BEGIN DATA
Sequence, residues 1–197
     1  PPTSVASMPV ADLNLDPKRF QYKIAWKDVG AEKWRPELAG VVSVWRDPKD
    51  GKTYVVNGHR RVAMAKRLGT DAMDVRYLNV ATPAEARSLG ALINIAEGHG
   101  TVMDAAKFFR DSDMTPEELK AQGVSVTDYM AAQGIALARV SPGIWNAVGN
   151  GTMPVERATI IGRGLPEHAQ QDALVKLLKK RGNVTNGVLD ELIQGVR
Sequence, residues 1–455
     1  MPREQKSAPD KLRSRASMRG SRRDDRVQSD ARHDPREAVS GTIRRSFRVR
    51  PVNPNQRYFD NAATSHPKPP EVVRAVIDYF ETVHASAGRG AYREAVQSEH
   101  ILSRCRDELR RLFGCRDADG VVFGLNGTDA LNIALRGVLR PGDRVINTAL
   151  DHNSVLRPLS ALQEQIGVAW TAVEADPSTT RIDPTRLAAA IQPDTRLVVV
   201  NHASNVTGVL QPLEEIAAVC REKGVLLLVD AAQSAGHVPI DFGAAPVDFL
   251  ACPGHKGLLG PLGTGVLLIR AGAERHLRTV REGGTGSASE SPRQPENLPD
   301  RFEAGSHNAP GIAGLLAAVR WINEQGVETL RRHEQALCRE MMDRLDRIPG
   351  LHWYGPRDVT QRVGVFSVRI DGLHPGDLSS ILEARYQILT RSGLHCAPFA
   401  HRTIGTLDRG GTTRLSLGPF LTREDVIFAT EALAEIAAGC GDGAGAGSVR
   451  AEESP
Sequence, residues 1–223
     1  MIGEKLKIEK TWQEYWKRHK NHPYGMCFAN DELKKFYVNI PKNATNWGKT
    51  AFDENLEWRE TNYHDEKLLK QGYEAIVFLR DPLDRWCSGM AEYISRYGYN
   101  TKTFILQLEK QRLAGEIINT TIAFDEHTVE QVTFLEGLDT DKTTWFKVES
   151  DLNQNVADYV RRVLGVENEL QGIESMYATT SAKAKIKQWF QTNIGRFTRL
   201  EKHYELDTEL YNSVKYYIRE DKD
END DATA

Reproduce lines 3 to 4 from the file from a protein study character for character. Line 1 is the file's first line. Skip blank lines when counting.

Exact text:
    51  GKTYVVNGHR RVAMAKRLGT DAMDVRYLNV ATPAEARSLG ALINIAEGHG
   101  TVMDAAKFFR DSDMTPEELK AQGVSVTDYM AAQGIALARV SPGIWNAVGN